It can be difficult to find the right foot to stand on when you have established that you are pregnant. But the very first thing you can do is call the doctor and make an appointment for the first pregnancy visit. Here, your pregnancy will be confirmed, you will get a journal, and you will talk about where you will give birth and have your scans. Read more about all the visits that are scheduled in an average pregnancy here: When should you see a doctor, midwife, and scan during pregnancy? Guid – Gravidtid
If you haven't already started taking folic acid, you need to start now. The Danish Health Authority recommends 400 micrograms of folic acid daily. Folic acid has a documented effect on reducing damage to the fetal brain and spinal cord. When you reach week 10, you should also start taking a daily iron supplement of 40-50 mg, and you should do this for the rest of the pregnancy. The National Board of Health recommends iron supplements because the body needs more red blood cells to transport oxygen from the mother to the fetus. If you don't take iron supplements, it can therefore mean that the mother gets an iron deficiency and later a low blood percentage .
The Danish Health Authority also recommends that pregnant women take a daily vitamin D supplement of 10 micrograms throughout pregnancy. This is because vitamin D helps with the absorption of calcium and bone formation.
Finally, the Danish Health Authority recommends that pregnant women either consume 500 ml of milk product per day or take a daily supplement of 500 mg of calcium throughout the pregnancy. Calcium is recommended because it is important for the bones of both the pregnant woman and the unborn child
When you become pregnant, there is suddenly another person besides yourself who depends on you eating and living healthy. This does not mean that there is no wiggle room, but basically, nutrients and oxygen come from you and on to the baby through the placenta and the umbilical cord. The child gets new nourishment from you, and this also means that the child will quickly be affected if, for example, you drink alcohol, smoke, or take drugs.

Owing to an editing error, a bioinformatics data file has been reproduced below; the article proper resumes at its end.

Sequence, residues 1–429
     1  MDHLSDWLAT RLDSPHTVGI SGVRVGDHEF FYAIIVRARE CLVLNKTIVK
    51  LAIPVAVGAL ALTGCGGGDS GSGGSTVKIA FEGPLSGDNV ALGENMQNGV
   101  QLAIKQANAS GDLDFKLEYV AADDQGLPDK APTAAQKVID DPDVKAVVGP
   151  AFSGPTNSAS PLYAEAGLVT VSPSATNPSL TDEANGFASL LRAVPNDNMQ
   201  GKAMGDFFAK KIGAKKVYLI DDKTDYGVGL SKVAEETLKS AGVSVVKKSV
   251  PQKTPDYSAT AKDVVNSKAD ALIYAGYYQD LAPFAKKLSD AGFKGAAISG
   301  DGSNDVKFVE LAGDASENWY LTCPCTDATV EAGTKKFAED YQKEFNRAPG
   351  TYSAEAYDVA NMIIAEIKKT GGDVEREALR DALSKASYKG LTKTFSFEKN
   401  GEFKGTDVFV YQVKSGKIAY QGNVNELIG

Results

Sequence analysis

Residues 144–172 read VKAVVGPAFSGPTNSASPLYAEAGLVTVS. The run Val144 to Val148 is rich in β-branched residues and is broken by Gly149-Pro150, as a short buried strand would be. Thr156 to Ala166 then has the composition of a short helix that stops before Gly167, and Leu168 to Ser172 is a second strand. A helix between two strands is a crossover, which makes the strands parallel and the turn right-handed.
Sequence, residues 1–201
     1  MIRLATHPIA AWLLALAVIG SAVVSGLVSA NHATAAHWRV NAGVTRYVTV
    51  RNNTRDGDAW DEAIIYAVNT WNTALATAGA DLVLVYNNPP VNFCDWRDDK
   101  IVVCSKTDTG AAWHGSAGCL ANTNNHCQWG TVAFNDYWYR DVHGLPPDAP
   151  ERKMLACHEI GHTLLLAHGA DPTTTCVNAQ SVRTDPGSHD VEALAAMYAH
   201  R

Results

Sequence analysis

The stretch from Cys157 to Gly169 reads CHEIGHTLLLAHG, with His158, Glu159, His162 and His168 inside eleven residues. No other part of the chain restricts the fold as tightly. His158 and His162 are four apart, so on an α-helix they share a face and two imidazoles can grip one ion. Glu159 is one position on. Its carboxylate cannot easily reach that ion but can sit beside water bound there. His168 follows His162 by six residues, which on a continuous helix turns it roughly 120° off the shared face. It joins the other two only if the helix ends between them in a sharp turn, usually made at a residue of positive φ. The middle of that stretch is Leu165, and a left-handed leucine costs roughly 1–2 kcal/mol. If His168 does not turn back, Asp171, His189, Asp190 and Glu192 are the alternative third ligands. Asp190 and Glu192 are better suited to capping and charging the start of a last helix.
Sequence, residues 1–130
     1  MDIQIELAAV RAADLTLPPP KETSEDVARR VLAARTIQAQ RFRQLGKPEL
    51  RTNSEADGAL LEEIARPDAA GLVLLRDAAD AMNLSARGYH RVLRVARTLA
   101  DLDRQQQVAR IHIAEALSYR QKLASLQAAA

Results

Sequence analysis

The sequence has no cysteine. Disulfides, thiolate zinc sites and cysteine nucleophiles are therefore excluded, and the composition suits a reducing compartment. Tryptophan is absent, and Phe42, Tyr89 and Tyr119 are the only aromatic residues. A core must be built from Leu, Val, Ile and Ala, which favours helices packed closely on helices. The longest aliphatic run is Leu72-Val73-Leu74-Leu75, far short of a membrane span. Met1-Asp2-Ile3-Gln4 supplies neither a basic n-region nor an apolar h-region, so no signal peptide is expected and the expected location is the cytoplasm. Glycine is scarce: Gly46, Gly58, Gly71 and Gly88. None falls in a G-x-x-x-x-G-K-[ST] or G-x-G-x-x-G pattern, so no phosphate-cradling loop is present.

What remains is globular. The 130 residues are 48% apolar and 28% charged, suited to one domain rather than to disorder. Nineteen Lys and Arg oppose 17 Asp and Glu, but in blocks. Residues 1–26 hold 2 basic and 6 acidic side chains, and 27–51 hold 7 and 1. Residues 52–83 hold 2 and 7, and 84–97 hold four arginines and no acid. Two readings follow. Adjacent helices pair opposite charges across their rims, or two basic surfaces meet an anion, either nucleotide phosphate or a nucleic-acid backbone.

Some women will experience drinking very early in their pregnancy, when they did not know they were pregnant. Remember that it has happened to many, and often it has happened before the egg has even set, so don’t worry. In most cases, it will have no effect on the fetus. The most important thing is to refrain from drinking during the rest of the pregnancy. Alcohol passes easily and easily through the placenta, and this also means that the child gets the same alcohol content in the blood as the mother. Therefore, the Danish Health Authority recommends that you do not drink alcohol during pregnancy.
The Danish Health Authority recommends that you follow the official dietary advice during pregnancy, which are:
Eat varied, not too much and be physically active
Eat fruit and lots of vegetables
Eat more fish
Choose whole grains
Choose lean meat and cold cuts
Choose low-fat dairy products
Eat less saturated fat
Eat food with less salt
Eat less sugar
In general, exercise is also healthy for you when you are pregnant. Exercise helps to minimize discomfort and ailments such as gestational diabetes, preeclampsia, and severe weight gain during pregnancy. It is therefore advantageous for both you and your child to exercise during pregnancy. The Danish Health Authority recommends that you:
Exercise at least 30 minutes a day. If you are not used to exercising, you are encouraged to follow an exercise program where you work up to 30 minutes a day. If you are used to exercising, then you must continue as before without ambitions to improve your form further during pregnancy.
Avoid contact and combat sports
Avoid diving, skydiving and other sports that could can result in fall injuries
Avoid overheating and stop immediately if you experience discomfort, pain, bruising or bleeding while exercising.
See our pregnancy tests here: Graviditetstests – Gravidtid